This is your brain on neuroscience.     It's now eleven years since Tom Wolfe declared neuroscience to be "the hottest field in the academic world." Tom was ahead of the curve, but not by much. How hot is neuroscience today, as a field that super-smart young people want to get into? Listen.

Young George Hotz of Glen Rock, NJ—he is 17—had one of those Apple iPhone gizmos. The iPhone is set up to connect only to AT&T's wireless network, and this vexed George. He accordingly pried open the case—guitar picks, he says, are the tools of choice here—and spent a couple of hours doing ultra-fine work on the circuit board (with soldering tools) and software. Now his iPhone connects to T-Mobile.

George has generously posted his methods on the internet. Feathers are flying in various locations: Apple is not pleased, neither is AT&T, and eBay is being uncooperative in George's attempts to sell the modified phone. No matter: 100,000 teenage hackers are at this very moment duplicating George's stunt, and Apple's business model for the iPhone has a nasty big hole below the waterline, thanks to a high-school geek and his guitar picks. Count one for the little guy.

What are his future plans, this teenage genius? "Hotz is beginning his freshman year of college this semester at Rochester Institue of Technology. He plans to major in neuroscience." What else?

Prediction.     Speaking of neuroscience: I made the following prediction in a Letter to the Editor of The American Spectator early in August. Whether they'll print the letter or not I don't know, so for insurance I'll make the prediction again here.

The Intelligent Design People will soon move camp. The anti-evolution seam is pretty much worked out, and the rapid increase in our understanding of genetics, especially paleogenetics, is causing them serious problems.

My prediction is that they will dump all the stuff about fossils and "irreducible complexity," rewrite their placards and banners, and go camp outside the neuroscience department with their bullhorns and noisemakers. Consciousness Studies is a big thing now, and getting bigger fast. The problems it has to solve are particularly knotty, and should keep the scientists busy for several decades at least. Those problems relate rather obviously to issues of the soul, and of human exceptionalism—rich picking for the Discovery Institute types. You heard it here first.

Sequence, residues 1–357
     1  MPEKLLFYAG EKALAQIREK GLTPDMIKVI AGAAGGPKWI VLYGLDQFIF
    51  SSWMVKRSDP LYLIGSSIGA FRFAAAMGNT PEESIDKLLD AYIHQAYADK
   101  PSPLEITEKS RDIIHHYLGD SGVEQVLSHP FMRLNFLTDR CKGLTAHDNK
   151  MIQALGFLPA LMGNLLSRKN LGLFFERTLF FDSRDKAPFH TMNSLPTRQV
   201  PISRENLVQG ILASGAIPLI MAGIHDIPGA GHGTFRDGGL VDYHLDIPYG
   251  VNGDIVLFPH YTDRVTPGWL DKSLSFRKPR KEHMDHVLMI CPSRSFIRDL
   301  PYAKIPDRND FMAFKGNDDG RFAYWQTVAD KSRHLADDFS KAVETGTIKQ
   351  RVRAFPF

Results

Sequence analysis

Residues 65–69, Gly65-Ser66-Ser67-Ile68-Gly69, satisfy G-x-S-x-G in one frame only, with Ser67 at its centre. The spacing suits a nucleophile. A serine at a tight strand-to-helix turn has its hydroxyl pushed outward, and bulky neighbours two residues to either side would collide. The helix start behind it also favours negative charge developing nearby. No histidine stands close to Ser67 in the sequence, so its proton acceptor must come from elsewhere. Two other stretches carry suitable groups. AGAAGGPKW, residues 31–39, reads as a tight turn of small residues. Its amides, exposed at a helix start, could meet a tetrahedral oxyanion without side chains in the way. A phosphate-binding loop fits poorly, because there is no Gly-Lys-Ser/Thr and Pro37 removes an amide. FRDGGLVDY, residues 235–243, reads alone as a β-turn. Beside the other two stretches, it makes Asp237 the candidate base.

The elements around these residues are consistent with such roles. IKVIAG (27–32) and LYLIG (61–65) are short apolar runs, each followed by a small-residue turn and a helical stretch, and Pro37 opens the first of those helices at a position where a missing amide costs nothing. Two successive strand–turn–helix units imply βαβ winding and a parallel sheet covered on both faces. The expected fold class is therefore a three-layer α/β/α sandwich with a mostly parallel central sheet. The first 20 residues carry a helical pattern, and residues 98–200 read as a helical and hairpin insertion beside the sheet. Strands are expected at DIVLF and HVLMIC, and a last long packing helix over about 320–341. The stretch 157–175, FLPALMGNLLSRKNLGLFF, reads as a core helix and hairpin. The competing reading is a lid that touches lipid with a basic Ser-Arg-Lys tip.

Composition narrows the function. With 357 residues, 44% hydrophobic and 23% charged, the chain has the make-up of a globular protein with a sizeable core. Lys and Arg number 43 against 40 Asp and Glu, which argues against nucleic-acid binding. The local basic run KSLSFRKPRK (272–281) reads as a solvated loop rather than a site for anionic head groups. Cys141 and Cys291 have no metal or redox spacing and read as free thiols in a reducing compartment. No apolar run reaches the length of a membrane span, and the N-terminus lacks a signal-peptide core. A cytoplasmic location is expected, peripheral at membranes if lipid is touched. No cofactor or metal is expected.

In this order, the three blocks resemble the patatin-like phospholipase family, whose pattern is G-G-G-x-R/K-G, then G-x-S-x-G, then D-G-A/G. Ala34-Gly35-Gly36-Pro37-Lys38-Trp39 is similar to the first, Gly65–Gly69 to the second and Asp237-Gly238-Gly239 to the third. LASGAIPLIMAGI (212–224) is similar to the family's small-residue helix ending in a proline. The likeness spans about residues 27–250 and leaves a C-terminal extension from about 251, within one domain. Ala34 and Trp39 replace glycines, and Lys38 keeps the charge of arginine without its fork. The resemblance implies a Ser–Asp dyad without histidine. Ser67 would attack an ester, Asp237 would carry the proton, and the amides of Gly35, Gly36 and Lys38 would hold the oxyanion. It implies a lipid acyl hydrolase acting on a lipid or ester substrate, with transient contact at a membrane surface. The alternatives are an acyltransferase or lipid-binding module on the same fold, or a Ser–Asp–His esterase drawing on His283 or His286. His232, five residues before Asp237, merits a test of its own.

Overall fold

Idiocy Watch.

Mrs. Derb: "Where's your car?"

Me: "Parked outside as usual."

She: "No, it's not there."

Me: "What?" [Looks] "Darn, it's been stolen."

She: "Better call the police."

[I do so, giving them all relevant details. They tell me an officer will be round shortly to make a written report.]

[5 minutes later]

Mrs. D.: "When did you last drive it? Did you drive it yesterday at all?"

Me: "No. Home all day yesterday fixing up Nellie's room."

She: "So ... you haven't driven it since Tuesday?"

Me: "No."

She: "But Tuesday night a limo brought you home."

[I'd been to a dinner in the city Tuesday evening, and the organizers laid on a car to take me home.]

Me: "Hmm. That's right. So ... I drove to the railroad station, rode the train into town, and came back from the city by limo."

She: "So your car is..."

[Both, in unison]: "...still parked at the railroad station!"

Moral of story: Consult memory before jumping to conclusions.

Reader Love.     I was feeling down the other day. Down, low, depressed, for several reasons—though none of them, I am glad to say, life- or family-threatening. So there I was, in the throes of angst, of weltschmerz, of taedium vitae, of fin-de-siècle ennui (a bit late, but that's what it felt like).

I hadn't even the energy to drag myself up to my attic study. Slouched on the living-room sofa, I summoned up enough interest in life to reach for my laptop and open it up. I'd left my email unattended-to for two or three days on account of the angst, weltschmerz, etc. I thought I'd better check it. Why not? Nothing else to do—nothing requiring less energy, anyway. There wasn't really much point—but then, there wasn't much point in anything, was there? Might as well kill some time doing something other than just breathe in and out, which was beginning to be a bit of a chore.

There was a big tranche—fifty or sixty—emails from readers. A handful were nagging, preachy, or obnoxious, but the great majority were appreciative and friendly. One just said, in lower case: "we love to read your articles. thank you." Several expressed similar sentiments at greater length.